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October 26, 2011

Willing yet again to consider putting my US News vote up for sale...

Long-time readers may recall this post from four years ago, in which I asked "Would it be unethical (or even illegal) to put my US News vote up for sale?"  Here is the back-story which prompted my (sincere? tongue-in-cheek?) inquiry in 2007:

For the second consecutive year, I have received US News' survey asking me to help identify "law schools having the top programs in intellectual property law."  My receipt of this survey highlights just how flawed some aspects of US News' rankings can be. 

I was an IP litigator a decade ago and I taught a few IP courses early in my career.  But, especially with my primary field so active, I cannot even hope to keep up with all the IP doings in law schools.  Nevertheless, US News seeks my opinion on which 15 schools have "the highest-quality intellectual property law courses or programs."  Candidly, I have absolutely no idea.

I suppose I could try to make educated guesses about the best IP programs based on who sent around the hottest "law porn"covering IP topics this year.  But I also could throw darts at the survey form and probably not do much worse. 

Consequently, I am now wondering if I could and should simply offer my US News survey to the highest bidder.  Helpfully, US News promises that survey responses are kept confidential, so nobody would know whether or to whom I sold my vote.

Of course, I do not want to do anything unethical or illegal, so I am genuinely seeking an answer to the question posed in this post's title.  I know vote selling in some contexts can be illegal, but I don't think a survey by a private magazine garners too much public protection.  As for ethics, well, what I am proposing seems no less savory than what some schools have reportedly done to game the US News rankings system.  Plus, some recent research suggests that open vote buying/selling may be efficient in this kind of setting.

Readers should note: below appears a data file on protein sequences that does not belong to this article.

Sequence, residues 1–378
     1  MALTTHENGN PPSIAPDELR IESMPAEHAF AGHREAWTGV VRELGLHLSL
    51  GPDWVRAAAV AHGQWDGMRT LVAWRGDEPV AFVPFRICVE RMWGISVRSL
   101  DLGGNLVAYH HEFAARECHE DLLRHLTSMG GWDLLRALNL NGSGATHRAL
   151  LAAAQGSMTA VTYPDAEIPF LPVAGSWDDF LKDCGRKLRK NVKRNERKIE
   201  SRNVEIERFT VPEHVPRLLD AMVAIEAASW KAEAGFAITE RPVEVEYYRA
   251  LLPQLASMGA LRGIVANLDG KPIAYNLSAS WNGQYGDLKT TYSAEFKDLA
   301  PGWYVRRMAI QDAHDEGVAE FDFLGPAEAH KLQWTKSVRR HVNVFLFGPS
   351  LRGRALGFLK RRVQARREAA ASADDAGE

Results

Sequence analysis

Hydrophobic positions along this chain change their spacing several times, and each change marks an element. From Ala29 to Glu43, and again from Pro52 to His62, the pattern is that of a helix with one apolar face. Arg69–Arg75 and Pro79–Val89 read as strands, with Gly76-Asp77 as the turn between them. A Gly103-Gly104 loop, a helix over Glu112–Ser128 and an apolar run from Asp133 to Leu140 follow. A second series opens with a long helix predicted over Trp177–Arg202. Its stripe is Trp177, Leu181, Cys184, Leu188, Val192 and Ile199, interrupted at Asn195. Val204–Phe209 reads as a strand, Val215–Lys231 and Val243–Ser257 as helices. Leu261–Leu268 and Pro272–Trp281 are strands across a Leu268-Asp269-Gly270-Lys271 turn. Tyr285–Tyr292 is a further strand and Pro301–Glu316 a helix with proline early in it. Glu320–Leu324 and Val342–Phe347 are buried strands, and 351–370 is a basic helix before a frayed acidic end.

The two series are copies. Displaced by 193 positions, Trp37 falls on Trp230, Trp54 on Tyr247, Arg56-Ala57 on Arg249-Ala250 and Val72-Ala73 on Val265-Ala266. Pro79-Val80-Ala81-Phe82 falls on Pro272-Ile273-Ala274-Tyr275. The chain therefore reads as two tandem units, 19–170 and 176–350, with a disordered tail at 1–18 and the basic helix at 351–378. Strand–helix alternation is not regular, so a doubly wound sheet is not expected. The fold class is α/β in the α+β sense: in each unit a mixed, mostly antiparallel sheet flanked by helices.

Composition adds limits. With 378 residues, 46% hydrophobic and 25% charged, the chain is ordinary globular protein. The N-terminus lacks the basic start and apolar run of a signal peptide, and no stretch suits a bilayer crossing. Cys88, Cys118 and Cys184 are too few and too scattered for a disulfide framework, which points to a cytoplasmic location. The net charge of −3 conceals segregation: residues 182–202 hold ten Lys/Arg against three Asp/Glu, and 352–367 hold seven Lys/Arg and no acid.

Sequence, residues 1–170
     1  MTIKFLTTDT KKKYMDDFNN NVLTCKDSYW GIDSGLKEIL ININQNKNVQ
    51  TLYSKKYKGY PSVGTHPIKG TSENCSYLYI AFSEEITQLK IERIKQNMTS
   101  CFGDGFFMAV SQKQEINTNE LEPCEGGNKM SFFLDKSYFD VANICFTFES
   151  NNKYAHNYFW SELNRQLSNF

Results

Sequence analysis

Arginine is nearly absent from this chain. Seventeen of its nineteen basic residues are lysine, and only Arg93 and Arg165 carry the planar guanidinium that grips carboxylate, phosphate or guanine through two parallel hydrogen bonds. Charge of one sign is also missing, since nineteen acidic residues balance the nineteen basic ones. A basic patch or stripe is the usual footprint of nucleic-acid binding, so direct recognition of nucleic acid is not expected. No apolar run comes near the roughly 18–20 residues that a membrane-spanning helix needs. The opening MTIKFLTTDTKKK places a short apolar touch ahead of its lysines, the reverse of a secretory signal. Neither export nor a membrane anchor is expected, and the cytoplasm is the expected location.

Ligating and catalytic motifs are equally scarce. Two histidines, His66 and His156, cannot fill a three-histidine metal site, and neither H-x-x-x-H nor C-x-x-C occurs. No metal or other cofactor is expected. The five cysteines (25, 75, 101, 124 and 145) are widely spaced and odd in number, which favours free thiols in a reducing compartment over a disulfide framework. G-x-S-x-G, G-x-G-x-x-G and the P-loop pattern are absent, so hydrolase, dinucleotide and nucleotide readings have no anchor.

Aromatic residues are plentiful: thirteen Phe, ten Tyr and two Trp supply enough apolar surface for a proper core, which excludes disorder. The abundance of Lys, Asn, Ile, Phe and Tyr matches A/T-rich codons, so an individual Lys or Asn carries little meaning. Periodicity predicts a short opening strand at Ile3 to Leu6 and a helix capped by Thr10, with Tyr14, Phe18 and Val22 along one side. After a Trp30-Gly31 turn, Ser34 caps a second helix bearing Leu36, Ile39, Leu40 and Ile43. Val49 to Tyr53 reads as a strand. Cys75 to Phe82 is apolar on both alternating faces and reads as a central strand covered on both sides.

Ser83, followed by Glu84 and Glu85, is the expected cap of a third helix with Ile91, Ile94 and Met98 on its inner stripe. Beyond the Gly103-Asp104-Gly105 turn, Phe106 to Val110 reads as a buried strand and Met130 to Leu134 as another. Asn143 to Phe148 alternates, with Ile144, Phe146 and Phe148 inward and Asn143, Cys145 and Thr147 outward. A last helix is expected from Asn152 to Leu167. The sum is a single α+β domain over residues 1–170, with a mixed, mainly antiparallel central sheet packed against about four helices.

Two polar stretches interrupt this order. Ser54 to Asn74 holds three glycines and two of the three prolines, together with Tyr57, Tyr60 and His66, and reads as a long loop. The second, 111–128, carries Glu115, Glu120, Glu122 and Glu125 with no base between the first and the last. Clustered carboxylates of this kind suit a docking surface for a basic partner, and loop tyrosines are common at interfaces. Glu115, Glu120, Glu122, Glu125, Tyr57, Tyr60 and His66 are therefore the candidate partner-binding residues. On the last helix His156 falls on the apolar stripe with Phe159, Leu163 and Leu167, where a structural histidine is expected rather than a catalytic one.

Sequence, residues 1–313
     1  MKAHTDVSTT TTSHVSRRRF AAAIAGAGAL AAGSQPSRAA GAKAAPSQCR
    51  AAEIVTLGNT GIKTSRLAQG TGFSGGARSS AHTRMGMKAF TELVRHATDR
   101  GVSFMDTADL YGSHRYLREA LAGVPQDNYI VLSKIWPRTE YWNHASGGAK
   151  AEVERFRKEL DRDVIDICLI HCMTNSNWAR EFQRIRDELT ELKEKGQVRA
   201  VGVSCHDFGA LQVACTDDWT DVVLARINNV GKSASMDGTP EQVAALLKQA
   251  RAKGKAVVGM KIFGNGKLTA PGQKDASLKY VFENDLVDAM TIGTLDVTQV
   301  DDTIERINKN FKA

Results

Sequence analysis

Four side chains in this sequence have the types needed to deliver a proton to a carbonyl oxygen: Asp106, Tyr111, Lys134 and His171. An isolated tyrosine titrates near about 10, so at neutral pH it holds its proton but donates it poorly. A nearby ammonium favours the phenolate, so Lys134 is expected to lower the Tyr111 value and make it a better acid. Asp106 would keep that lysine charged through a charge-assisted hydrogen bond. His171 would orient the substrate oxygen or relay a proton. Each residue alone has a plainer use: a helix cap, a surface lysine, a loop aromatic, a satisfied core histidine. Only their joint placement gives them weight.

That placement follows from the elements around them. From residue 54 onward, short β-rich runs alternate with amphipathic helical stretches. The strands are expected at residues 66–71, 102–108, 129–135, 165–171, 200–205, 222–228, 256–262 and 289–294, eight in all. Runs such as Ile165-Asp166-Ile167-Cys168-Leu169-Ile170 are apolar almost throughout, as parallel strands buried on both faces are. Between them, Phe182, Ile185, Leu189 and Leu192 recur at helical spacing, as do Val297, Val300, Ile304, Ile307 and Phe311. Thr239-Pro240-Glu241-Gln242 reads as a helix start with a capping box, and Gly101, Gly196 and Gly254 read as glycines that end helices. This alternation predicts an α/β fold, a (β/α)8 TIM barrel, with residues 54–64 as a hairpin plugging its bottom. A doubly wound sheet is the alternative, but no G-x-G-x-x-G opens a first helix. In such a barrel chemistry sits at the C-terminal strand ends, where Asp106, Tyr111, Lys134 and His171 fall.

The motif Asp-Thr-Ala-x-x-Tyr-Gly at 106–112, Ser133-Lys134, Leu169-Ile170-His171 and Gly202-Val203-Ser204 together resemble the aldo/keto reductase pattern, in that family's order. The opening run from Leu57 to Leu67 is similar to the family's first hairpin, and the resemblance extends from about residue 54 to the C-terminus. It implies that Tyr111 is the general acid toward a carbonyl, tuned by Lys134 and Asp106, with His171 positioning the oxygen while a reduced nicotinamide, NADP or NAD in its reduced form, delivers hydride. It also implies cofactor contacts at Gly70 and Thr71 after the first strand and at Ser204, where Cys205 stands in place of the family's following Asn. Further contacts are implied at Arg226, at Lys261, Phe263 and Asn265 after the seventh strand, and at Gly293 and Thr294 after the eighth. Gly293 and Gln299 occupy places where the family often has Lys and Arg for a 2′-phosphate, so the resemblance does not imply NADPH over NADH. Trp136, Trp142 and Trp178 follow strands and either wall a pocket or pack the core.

Fast forward four years, and I am now in my office holding this year's version of the US News' survey asking me to again help identify "law schools having the top programs in intellectual property law."   Apparently the fact that I previously talked up the notion of selling my US News' vote to the highest bidder did not get me scratched from the list of potential voters.  (I assume that the people who run the US News' survey never got wind of my talk of vote selling.  But it is fun to imagine that they heard of my (joking?) plans and nevertheless still thought I was a good person to ask about the top 15 IP programs.)

If memory serves, nobody actually offered me any money for my US News vote back in 2007, so I never did have an opportunity to consider seriously whether I could be bought off.  I do recall a few folks responding to my post via e-mail with information about how great the IP program was at their school.  In other words, I most certainly did not get rich from, but I did get some useful information in response to, my prior post. 

Back in 2007, I ultimately concluded that too much personal bias and not enough valid information would end up informing my survey responses, and so I ripped up the form and tossed it away.  Disturbingly, this year's cover letter and US News form fails to suggest trashing the survey if one lacks the knowledge or information needed to fill it out appropriately.  That very fact has me wondering if US News actually would prefer me to complete the form after getting paid for my votes rather than fail to return the form at all.

October 26, 2011 in Rankings | Permalink

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